Visuals and sound build this atmosphere even farther. The graphics have been smartly crafted to resemble a slightly unrealistic animated movie. All of the usual comic-book tropes are presented, from heroes with big blue eyes to hulking enemies who tower over the good guys to vaguely anthropomorphic animals. Almost everything here has been well calculated to bring a smile to your face. Audio also hits a Hollywood tone. As already noted, the dialogue is simply stellar and the voice acting even better, led by Lloyd but also bolstered by a cast of unknowns who ably handle the range of heroes and villains. Even heroes and villains who could have--even should have--devolved into cornball stereotypes impossible for the best voice-acting to save, like an outrageously French-accented bridge troll, are somehow rescued and made into believable characters. The score perfectly accompanies the action, and the music here would not seem out of place on a big budget movie production, with lilts and accents to play up everything taking place in the game.
Like the old saying goes--the king is dead, long live the king. Even though A Knight to Remember is not the King’s Quest of yesterday, this first episode in a new franchise ensures that the heart of the original series will live on for the current generation of adventure gamers. Bring on the new exploits of King Graham.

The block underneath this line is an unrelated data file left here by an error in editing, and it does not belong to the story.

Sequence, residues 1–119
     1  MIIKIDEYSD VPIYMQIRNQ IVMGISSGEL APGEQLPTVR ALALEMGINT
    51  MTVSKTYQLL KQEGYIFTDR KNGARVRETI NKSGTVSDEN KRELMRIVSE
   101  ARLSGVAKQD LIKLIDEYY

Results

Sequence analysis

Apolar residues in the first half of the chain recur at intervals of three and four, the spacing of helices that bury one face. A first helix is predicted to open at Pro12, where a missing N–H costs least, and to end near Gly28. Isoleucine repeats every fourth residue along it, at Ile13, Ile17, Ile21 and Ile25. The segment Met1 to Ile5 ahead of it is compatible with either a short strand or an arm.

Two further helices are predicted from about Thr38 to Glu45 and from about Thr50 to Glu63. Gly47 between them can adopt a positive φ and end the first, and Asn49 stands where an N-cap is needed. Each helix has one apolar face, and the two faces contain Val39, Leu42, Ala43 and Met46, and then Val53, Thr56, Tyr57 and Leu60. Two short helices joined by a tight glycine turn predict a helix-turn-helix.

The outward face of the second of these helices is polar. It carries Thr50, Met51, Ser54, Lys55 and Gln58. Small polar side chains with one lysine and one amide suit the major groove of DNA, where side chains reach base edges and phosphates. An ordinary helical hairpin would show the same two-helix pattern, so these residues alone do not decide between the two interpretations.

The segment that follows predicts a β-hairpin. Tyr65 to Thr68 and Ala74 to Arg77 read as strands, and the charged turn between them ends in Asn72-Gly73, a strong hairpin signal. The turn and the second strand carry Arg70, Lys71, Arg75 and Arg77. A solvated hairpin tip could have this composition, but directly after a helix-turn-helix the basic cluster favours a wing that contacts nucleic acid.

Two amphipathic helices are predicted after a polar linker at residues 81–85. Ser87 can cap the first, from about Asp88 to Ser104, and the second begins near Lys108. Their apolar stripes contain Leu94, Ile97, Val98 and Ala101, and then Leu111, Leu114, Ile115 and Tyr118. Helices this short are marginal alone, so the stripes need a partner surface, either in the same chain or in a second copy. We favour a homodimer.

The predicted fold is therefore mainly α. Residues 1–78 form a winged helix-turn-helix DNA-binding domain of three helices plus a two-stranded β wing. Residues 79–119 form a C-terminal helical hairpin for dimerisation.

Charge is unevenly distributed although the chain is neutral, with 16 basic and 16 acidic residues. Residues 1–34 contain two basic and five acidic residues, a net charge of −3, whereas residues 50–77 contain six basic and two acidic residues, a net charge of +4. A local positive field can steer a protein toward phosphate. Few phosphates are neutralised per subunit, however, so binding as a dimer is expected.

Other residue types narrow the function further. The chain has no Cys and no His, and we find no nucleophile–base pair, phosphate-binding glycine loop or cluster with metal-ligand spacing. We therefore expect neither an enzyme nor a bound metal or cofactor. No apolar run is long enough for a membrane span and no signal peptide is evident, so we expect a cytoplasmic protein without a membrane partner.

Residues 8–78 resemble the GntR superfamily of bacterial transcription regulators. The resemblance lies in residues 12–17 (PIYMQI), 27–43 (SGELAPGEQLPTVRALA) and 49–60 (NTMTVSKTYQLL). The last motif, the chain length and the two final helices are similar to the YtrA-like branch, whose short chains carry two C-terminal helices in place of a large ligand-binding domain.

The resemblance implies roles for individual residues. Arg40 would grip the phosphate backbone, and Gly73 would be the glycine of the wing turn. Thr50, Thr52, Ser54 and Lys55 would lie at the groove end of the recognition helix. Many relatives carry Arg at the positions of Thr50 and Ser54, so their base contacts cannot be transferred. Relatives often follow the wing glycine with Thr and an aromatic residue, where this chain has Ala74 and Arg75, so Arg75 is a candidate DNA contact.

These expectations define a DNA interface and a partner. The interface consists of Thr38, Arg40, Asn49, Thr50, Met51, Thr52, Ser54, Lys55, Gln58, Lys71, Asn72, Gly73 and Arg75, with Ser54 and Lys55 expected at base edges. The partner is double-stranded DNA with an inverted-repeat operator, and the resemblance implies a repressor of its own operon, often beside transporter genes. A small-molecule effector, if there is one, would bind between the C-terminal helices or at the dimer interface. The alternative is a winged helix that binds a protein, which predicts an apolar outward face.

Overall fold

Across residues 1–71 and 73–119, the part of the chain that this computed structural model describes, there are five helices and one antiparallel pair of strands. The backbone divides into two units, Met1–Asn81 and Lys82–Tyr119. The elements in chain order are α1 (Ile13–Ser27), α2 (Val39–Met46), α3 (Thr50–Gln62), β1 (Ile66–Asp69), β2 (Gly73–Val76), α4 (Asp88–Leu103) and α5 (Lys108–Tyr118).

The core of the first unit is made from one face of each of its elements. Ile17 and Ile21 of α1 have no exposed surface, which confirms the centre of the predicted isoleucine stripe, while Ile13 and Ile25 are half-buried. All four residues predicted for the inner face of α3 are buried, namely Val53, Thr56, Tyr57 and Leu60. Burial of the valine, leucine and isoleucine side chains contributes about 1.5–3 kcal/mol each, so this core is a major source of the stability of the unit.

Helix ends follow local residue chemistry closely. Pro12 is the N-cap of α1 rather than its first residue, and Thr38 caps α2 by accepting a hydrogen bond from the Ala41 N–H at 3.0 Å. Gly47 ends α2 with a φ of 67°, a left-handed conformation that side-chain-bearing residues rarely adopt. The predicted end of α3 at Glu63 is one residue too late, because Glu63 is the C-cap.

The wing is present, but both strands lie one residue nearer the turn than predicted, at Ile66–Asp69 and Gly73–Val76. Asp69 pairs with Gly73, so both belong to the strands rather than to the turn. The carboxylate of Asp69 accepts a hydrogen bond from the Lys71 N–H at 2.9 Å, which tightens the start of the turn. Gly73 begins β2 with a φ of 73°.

The cast can be comically bizarre, but the story itself is both bleak and highly self-serious. In the near future, the fate of the world is threatened by the pale, moody villain all-too conveniently named The End. This archetypical evildoer rides in on a massive structure from another dimension called the Pillar and wipes out a significant percentage of the population to show that, despite the red-frosted tips in his hair, he means business.
To combat this threat, the UN sends a special task force wielding psychic gifts to reach the top of the Pillar, battle The End, and save humanity. Codenamed “SEALED,” this peculiar group is little more than a mishmash of colorful strangers with foggy memories. Bonds between each member and the protagonist, Sho, need to be built from the ground up, but working against that process is The End’s declaration that a traitor is present among the group. Before advancing from floor to floor of the tower, your team must vote to not only oust this fraud but also sentence him or her to death. Each subsequent floor establishes a new traitor, and the identity of the turncoat is determined by your interactions with each of the characters along the way.